Open publishing – A wider context

The temptation when you’re looking at a topic of open publishing is to focus on the case studies of people and publishers who are making works available online for reuse, but it’s really important to take a look at the wider context within which writers, publishers and booksellers are working and related issues such as DRM and piracy (which I will also address at length in another post). You can’t consider open publishing in a vacuum, despite the temptation to focus in on just that one area, otherwise you get just a fraction of the story.

Tim O’Reilly has a really fascinating and detailed post which does just that. He talks about the things he’s learnt being both a writer and a publisher. His lessons are:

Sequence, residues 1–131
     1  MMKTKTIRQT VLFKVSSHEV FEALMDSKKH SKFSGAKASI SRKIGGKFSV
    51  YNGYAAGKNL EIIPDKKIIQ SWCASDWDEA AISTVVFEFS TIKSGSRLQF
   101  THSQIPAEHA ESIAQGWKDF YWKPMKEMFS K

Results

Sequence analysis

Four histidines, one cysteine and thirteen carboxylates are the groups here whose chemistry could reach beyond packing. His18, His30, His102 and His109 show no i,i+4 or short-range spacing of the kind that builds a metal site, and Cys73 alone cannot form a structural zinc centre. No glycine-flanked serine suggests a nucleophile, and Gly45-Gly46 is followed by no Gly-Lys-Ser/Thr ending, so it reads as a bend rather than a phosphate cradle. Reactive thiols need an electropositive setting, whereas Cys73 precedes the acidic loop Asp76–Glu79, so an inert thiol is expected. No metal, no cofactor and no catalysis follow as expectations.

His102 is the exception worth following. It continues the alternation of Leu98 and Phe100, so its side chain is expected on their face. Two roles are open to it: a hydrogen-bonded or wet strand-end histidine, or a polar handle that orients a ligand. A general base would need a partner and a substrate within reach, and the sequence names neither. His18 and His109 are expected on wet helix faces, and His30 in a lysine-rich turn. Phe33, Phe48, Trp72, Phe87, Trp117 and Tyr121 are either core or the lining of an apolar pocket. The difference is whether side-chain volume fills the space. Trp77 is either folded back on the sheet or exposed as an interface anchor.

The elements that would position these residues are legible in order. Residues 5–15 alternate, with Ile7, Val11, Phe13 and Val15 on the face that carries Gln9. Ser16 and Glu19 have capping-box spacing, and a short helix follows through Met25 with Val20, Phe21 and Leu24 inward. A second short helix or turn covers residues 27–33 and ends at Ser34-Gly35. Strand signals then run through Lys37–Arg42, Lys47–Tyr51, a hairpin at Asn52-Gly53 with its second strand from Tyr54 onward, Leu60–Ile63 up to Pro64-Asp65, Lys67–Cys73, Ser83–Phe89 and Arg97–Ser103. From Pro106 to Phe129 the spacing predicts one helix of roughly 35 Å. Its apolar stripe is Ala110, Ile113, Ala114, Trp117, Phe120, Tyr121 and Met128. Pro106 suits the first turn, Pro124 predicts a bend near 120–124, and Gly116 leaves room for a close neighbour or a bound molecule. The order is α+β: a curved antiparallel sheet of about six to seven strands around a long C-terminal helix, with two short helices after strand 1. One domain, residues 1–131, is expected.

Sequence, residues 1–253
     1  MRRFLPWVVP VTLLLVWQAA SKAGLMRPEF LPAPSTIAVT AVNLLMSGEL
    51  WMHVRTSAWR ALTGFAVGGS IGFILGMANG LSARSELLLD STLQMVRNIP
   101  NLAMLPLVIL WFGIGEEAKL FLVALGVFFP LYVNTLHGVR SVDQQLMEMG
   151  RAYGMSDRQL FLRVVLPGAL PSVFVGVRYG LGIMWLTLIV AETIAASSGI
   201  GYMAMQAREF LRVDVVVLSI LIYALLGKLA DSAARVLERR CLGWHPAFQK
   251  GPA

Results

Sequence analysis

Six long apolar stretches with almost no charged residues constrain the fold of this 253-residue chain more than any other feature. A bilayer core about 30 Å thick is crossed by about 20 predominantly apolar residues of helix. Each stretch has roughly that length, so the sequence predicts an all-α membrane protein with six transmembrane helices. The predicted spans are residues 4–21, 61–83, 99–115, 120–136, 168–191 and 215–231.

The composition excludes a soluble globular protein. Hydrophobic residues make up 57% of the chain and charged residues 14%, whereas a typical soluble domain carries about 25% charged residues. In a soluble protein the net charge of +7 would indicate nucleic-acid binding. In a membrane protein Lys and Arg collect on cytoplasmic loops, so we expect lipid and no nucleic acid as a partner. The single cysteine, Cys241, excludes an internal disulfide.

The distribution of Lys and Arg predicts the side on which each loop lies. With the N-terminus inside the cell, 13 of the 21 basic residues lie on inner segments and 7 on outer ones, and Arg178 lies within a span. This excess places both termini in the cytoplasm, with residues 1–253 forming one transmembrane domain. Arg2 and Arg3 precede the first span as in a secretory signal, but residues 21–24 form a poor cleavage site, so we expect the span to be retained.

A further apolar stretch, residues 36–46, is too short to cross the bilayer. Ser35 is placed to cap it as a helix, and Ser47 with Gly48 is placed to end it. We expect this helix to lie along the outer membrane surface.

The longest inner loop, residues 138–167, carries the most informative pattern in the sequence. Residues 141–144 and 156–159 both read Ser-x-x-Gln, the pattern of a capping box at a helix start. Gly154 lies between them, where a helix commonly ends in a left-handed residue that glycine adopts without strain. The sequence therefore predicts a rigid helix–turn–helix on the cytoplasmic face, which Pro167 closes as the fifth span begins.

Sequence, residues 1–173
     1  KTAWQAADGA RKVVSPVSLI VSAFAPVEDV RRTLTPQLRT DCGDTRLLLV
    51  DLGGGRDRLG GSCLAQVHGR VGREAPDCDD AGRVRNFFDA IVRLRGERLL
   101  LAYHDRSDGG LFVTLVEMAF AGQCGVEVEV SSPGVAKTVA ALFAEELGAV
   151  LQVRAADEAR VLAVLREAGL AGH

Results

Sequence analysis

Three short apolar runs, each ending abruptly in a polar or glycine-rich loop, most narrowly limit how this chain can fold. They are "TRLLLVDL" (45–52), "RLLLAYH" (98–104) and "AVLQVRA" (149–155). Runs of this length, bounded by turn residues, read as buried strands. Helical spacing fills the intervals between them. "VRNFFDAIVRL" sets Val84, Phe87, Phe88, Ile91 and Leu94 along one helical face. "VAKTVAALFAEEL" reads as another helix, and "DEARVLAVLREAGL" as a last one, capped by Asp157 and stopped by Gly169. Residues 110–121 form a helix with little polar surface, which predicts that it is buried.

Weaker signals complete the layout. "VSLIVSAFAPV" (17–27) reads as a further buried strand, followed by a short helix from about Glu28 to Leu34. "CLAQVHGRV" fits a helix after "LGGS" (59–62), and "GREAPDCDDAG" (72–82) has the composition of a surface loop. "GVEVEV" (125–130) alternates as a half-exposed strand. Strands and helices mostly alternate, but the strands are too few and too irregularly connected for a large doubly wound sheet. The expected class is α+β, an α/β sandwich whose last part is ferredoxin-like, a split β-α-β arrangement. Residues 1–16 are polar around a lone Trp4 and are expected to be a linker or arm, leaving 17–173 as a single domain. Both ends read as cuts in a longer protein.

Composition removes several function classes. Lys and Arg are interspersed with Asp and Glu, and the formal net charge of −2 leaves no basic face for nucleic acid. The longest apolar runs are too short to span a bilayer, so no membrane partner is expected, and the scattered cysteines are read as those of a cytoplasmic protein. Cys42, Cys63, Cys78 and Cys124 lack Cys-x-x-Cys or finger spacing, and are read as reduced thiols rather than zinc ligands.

• Lesson 1: Obscurity is a far greater threat to authors and creative artists than piracy.
  • Lesson 2: Piracy is progressive taxation.
  • Lesson 3: Customers want to do the right thing, if they can.
  • Lesson 4: Shoplifting is a bigger threat than piracy.
  • Lesson 5: File sharing networks don’t threaten book, music, or film publishing. They threaten existing publishers.
  • Lesson 6: “Free” is eventually replaced by a higher-quality paid service.
  • Lesson 7: There’s more than one way to do it.

Tim examines each of these lessons in detail, but rather than attempt a summary, I recommend that you go and read his post and get it straight from the horse’s mouth.

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